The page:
The pentagram of concussion: an observational analysis that describes five overt indicators of head trauma
AffiliationChild Health, University of Arizona College of Medicine
Neurotrauma & Social Impact Research Team, University of Arizona College of Medicine
MetadataShow full item record
PublisherBioMed Central Ltd
CitationBeitchman, J. A., Burg, B. A., Sabb, D. M., Hosseini, A. H., & Lifshitz, J. (2022). The pentagram of concussion: An observational analysis that describes five overt indicators of head trauma. BMC Sports Science, Medicine and Rehabilitation.
RightsCopyright © The Author(s) 2022. This article is licensed under a Creative Commons Attribution 4.0 International License.
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AbstractBackground: Multifarious clinical presentations of traumatic brain injury (TBI) makes detection difficult. Acceptance of the Fencing Response as an indicator of moderate TBI with localization to the brainstem expanded interest towards other possible indicators. Methods: We hypothesized that an individual experiencing traumatic forces to the head resulting in concussion could display additional brainstem-mediated responses. Using YouTube™, videos were systematically evaluated for mechanical forces imposed on the head with a subsequent, observable behavior. Searches identified 9.9 million non-unique videos in which 0.01% were viewed and 79 met inclusion criteria. Videos of head injuries occurred during athletic activity (57%), assaults (38%), automobile accidents (4%) and impact by an inanimate object (1%). Results: Individuals with acute head injury were identified as adults (70%; n = 55), teens (29%; n = 23), and children (1.2%; n = 1). Those identified as males made up majority of injured persons (n = 77♂, 2♀). Individuals in the videos were observed to demonstrate the Fencing Response (47%; n = 37), seizing (44%; n = 35), snoring (24%; n = 19), crying (7.6%; n = 6), and vomiting (3.8%; n = 3). Conclusion: Each response, which together comprise the “Pentagram of Concussion”, indicates the presence of traumatic forces to the head that present with one or more pentagram signs that would localize dysfunction to the brainstem. Clinical consideration of these responses helps to immediately identify patients at high risk for a brain injury with brainstem involvement that may have otherwise been mistaken for a different diagnosis. © 2022, The Author(s).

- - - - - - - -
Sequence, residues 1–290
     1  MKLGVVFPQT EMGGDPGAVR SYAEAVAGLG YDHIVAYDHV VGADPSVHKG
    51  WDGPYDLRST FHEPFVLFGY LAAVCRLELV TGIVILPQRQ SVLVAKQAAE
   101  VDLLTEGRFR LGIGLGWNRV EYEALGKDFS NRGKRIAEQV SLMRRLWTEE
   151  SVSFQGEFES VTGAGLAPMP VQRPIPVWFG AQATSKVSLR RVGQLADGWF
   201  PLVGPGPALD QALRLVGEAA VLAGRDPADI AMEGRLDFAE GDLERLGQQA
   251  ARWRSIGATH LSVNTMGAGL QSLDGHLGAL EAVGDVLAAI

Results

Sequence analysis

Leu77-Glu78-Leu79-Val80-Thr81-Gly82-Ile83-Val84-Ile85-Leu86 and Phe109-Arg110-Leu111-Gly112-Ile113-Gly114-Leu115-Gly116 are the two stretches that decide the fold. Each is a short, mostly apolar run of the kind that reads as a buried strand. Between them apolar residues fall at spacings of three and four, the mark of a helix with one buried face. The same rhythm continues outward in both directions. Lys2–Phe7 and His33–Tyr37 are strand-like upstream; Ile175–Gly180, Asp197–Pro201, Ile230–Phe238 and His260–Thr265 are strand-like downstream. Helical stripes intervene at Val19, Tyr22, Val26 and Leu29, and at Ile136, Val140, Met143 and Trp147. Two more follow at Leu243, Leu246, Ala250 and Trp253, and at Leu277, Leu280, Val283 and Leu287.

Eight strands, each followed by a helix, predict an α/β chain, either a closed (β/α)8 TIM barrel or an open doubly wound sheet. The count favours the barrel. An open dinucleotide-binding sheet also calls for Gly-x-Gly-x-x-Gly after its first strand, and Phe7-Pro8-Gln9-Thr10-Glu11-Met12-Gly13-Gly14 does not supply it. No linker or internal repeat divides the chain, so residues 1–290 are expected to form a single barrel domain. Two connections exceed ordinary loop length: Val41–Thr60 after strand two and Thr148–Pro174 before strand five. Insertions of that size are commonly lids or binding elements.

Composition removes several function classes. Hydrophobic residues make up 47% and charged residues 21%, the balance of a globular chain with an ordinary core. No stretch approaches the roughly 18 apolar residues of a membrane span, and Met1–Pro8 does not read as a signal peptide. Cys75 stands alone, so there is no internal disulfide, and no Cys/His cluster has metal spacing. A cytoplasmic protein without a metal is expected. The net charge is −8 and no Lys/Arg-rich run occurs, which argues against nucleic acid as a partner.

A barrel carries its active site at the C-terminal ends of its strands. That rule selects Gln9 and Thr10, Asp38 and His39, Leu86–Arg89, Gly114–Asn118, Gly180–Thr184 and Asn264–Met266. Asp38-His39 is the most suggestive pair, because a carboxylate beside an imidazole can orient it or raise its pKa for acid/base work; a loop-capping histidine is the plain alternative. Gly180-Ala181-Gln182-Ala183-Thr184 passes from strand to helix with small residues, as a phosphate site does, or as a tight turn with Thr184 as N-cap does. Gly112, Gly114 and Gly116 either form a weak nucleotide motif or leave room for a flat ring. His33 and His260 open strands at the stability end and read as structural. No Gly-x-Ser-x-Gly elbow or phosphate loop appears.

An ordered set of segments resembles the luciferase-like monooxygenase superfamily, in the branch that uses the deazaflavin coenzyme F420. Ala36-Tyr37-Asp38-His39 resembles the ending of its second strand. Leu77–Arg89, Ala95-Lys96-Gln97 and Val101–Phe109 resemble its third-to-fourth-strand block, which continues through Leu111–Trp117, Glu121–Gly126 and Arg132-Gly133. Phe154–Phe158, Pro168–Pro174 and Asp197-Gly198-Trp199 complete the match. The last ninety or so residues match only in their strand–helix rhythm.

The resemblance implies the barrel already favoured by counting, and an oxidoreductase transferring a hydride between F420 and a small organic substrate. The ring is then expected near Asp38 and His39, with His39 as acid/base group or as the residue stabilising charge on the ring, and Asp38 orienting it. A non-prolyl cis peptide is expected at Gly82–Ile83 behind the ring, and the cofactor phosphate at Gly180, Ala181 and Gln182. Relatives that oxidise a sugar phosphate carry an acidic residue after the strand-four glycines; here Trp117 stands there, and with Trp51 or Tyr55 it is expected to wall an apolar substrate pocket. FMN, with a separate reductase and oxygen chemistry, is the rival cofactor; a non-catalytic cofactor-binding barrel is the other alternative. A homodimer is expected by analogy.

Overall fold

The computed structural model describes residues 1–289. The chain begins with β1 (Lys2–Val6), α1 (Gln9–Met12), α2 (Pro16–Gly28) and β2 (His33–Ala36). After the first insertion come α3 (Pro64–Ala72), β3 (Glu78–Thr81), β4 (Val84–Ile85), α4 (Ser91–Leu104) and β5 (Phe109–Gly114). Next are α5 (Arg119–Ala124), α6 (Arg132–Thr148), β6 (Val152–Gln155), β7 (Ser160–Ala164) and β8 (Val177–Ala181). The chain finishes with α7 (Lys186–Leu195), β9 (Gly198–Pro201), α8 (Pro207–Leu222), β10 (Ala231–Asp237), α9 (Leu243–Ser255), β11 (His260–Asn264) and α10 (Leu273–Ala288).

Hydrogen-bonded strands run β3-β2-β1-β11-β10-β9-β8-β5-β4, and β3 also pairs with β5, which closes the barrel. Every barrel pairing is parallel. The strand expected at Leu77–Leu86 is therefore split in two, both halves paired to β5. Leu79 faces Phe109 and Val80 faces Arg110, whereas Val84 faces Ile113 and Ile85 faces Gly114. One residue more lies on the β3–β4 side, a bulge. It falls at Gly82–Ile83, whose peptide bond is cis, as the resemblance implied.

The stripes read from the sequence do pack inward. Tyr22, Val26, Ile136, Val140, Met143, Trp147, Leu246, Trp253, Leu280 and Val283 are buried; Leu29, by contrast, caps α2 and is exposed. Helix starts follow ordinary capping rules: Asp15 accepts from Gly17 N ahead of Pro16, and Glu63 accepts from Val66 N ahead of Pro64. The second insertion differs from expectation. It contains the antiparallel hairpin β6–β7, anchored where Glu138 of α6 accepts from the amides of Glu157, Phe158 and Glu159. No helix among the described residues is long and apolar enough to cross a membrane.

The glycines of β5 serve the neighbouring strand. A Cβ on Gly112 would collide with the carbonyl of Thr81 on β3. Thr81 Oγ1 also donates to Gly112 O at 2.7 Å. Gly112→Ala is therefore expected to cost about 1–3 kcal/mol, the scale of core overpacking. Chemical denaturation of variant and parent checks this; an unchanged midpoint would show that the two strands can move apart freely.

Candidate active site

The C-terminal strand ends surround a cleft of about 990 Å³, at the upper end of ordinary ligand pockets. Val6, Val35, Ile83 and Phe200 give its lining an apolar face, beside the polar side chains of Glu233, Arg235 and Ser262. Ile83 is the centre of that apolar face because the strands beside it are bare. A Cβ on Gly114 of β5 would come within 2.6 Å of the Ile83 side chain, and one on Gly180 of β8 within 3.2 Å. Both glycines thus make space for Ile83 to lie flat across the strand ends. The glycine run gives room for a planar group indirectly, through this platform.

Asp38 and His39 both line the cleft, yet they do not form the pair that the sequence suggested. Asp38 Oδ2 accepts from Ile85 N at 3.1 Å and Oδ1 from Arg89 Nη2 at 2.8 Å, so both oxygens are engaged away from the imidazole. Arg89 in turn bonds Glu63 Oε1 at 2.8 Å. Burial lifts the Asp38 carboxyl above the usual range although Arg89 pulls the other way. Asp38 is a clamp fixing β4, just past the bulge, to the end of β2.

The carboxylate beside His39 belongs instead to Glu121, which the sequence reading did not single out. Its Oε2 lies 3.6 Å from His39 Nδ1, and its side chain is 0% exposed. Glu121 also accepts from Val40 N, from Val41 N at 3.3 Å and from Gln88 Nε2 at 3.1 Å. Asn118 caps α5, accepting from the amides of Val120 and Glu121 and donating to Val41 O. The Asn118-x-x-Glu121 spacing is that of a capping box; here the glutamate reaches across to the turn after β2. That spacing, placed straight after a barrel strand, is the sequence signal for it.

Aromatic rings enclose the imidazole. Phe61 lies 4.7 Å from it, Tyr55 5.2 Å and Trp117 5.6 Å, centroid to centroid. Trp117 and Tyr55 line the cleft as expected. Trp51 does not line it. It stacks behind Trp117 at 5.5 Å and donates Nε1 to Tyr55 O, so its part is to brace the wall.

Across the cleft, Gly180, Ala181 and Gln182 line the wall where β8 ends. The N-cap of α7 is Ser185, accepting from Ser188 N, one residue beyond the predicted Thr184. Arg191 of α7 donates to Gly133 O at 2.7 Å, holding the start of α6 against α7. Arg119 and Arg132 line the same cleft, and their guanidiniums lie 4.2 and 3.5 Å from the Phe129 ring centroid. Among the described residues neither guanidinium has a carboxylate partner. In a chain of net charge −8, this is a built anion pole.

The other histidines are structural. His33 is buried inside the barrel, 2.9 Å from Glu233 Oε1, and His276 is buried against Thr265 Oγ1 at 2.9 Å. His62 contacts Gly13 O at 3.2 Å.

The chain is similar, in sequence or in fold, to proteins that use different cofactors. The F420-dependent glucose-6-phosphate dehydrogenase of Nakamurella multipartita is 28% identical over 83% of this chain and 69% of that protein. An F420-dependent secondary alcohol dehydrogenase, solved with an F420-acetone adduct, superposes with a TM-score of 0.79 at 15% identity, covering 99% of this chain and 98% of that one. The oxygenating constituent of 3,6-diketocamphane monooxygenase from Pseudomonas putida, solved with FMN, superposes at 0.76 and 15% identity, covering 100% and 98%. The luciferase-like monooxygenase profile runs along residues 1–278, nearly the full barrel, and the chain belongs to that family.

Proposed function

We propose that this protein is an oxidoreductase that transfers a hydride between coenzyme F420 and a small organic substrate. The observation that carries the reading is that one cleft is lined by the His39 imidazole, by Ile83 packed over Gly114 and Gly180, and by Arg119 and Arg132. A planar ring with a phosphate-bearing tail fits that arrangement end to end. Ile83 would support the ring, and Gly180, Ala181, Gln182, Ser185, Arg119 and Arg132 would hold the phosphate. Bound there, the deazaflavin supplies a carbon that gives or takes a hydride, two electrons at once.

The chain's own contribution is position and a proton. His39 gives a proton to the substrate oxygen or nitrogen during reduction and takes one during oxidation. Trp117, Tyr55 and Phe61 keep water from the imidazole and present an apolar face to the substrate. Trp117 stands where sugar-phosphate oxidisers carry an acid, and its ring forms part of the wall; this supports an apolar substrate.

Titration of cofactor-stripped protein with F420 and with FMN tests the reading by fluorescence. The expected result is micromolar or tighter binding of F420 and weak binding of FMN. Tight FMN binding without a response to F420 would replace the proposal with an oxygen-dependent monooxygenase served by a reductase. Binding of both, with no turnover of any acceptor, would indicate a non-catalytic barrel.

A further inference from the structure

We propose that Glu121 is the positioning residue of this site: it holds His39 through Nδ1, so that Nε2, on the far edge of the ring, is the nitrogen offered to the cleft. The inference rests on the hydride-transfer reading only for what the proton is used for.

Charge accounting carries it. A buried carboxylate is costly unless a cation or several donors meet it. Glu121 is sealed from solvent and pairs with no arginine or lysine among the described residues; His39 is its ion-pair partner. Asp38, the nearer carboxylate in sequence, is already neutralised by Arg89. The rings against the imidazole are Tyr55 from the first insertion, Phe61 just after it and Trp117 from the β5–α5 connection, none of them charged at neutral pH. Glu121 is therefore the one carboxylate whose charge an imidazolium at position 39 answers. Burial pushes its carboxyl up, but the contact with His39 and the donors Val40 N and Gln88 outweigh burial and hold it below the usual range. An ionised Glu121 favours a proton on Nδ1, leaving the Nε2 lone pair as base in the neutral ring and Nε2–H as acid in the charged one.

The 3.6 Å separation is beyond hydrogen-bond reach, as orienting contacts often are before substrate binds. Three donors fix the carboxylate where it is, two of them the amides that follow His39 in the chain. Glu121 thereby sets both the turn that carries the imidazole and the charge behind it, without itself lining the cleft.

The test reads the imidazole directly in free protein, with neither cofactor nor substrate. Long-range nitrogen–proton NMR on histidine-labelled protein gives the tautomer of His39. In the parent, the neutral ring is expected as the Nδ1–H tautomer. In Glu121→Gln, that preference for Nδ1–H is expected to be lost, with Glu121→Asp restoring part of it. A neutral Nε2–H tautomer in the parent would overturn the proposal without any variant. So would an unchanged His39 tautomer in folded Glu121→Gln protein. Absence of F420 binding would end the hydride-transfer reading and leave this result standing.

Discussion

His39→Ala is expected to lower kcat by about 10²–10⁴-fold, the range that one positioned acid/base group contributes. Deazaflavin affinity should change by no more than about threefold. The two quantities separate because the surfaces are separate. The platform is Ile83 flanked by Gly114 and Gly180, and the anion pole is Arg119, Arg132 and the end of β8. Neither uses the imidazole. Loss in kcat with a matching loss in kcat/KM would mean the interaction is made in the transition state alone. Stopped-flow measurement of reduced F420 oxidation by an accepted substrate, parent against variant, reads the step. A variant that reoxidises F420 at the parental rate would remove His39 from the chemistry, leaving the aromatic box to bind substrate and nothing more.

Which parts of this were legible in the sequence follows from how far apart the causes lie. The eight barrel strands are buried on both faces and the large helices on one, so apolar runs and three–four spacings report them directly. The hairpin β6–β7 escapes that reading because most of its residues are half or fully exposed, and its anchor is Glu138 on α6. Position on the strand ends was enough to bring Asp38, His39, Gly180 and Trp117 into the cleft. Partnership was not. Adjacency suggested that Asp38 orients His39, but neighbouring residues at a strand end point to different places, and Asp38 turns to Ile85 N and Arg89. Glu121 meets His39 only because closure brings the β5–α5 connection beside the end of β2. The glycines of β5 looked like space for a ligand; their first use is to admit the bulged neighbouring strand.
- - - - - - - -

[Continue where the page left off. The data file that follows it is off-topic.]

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VersionFinal published version
Except where otherwise noted, this item's license is described as Copyright © The Author(s) 2022. This article is licensed under a Creative Commons Attribution 4.0 International License.